I deal with growth and our problematic way of seeing ourselves. I’m very much focused on the act of posing and on the moment when a person changes into an image. However there is a certain melancholy in my work, and I guess this is born from the miserable idea of time passing and us not being able to really go back to the moment. Through photography this becomes very concrete.


Whose work within the photography world inspires you and why?

There are so many great artists, so many amazing photographs. But I seldom get super excited about anything else than portraiture. A certain presence needs to be there (most importantly the presence of the photographer). A good photograph can be bizarre or even uncomfortable, yet still everything is just in its right place. Posing is a crucial part of portraiture, but very often it is just too much. The other thing is that all this digital development has made photography very polished and there is not that much room for the accident anymore. Perfection often demands imperfection.

Lately I have been once more going through these amazing photographs by Chris Killip and a Finnish photographer Ismo Hölttö. There was also a beautiful exhibition by Elis Hoffman with some haunting portraits in it. A great example how some photographers can work seamlessly with portraiture, landscape and details. Alec Soth had just an exhibition here too, and he is a master in this sort of storytelling. I love the work by some of my good friends and talented colleagues, for example Dorothée Smith, Joakim Eskildsen and Laura Pannack. When thinking about exceptional work I also have to mention Hellen van Meene, Rineke Dijkstra, Hisaji Hara, Pieter Hugo, Vanessa Winship, Michal Chelbin and Charles Fréger. Even though I am mostly in love with portraiture, Todd Hido’s landscapes together with the portraits are very very haunting. One of the best talks I ever attended was James Nachtwey at the Nordic Light festival in Norway. Such a hopeless yet amazingly beautiful work and what a warm person too. And naturally I love the great masters like August Sander, Mary Ellen Mark, Richard Avedon, Diane Arbus or Sally Mann among many many others.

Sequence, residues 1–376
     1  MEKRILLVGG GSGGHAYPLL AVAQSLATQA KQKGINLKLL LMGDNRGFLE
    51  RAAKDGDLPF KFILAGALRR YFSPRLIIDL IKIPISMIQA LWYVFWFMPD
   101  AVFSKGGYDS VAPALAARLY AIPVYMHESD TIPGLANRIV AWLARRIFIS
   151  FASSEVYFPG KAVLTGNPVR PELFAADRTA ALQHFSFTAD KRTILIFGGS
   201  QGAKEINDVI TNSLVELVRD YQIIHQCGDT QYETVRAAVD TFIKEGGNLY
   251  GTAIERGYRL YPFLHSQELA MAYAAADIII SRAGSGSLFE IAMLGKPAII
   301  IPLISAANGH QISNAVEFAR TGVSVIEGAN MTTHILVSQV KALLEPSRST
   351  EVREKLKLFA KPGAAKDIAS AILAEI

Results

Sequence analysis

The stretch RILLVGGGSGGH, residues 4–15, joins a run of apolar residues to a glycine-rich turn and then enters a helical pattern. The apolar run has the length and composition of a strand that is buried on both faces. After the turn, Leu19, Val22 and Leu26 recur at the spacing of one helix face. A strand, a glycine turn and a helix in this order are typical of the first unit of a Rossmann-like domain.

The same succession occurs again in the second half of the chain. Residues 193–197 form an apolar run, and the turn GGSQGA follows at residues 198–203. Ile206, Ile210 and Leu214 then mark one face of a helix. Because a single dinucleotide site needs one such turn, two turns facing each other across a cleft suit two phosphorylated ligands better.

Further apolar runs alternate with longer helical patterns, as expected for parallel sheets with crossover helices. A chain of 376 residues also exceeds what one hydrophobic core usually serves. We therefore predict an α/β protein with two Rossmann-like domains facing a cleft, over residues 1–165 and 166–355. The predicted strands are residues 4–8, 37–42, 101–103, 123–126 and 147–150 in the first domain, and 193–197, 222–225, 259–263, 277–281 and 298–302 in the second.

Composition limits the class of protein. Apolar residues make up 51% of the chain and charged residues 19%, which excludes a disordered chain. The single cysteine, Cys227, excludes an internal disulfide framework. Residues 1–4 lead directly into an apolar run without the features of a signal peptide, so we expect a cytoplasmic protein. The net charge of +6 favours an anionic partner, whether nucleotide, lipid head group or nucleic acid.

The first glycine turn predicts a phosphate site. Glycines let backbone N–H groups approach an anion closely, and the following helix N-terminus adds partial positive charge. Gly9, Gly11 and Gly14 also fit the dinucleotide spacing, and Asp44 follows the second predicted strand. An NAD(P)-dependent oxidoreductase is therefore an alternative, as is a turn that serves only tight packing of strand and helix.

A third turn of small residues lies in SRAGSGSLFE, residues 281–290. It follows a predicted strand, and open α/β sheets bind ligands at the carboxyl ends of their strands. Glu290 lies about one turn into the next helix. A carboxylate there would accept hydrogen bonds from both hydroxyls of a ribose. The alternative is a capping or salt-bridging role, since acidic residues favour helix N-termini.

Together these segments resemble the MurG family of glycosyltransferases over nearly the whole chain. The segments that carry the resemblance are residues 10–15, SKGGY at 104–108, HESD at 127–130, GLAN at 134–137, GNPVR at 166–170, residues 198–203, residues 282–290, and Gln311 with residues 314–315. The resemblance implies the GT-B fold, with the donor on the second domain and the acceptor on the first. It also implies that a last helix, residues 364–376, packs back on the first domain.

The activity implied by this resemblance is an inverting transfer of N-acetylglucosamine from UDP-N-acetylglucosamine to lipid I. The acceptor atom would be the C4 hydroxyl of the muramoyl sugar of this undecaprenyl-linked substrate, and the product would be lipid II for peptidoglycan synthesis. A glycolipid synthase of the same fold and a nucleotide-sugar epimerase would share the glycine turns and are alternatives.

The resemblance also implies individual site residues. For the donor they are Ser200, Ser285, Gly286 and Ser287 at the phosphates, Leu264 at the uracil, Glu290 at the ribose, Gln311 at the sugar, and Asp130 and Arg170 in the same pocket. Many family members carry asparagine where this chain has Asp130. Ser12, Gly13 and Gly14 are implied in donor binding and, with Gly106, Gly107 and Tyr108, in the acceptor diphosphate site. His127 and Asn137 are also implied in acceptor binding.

Do you have a philosophy going into each shoot/series or is it a natural process now?

I never carry my camera with me and nearly every portrait is planned beforehand. Although most of my photographs are carefully planned, the work is filled with coincidences. This is what I love when shooting on film – you don’t see the results immediately and it’s never quite what you expected. It all starts from the idea and first you need to know who you are looking for. I might find my subjects from the street and restaurants, as well as ask someone that I know already. Most recently I have worked quite a lot with strangers. Some of the portraits are more staged than others, but always I’m trying to focus on two things – light and the presence.

Accomplishing a portrait is never a natural process to me. I’m pretty scared before each shoot. However I have learned to accept that, and nowadays I think that being photographed should be uncomfortable – and not only for the subject, but for me too. I’m trying to be as quiet as possible while making the portrait, the intensity needs to be there. Now at the moment I am working on this sibling theme, and mostly getting to know different families with different situations. This is what my work is mainly about – meeting people and through photography having this unique and intimate relationship with many of them.


Where in the world are you and what’s next for you?

I am safely home in Finland, in a small village called Isnäs. Our house is located between two sheep farms, other than that there is forest, sea and nature. Currently I am working with new portraits and I have a solo show coming at Gallery Taik Persons by the end of June. Other exhibitions will follow and I need to focus on making new work. Hopefully after working hard with the new photographs, I can start dreaming of a new book too. But right now life is being with the family and making new portraits.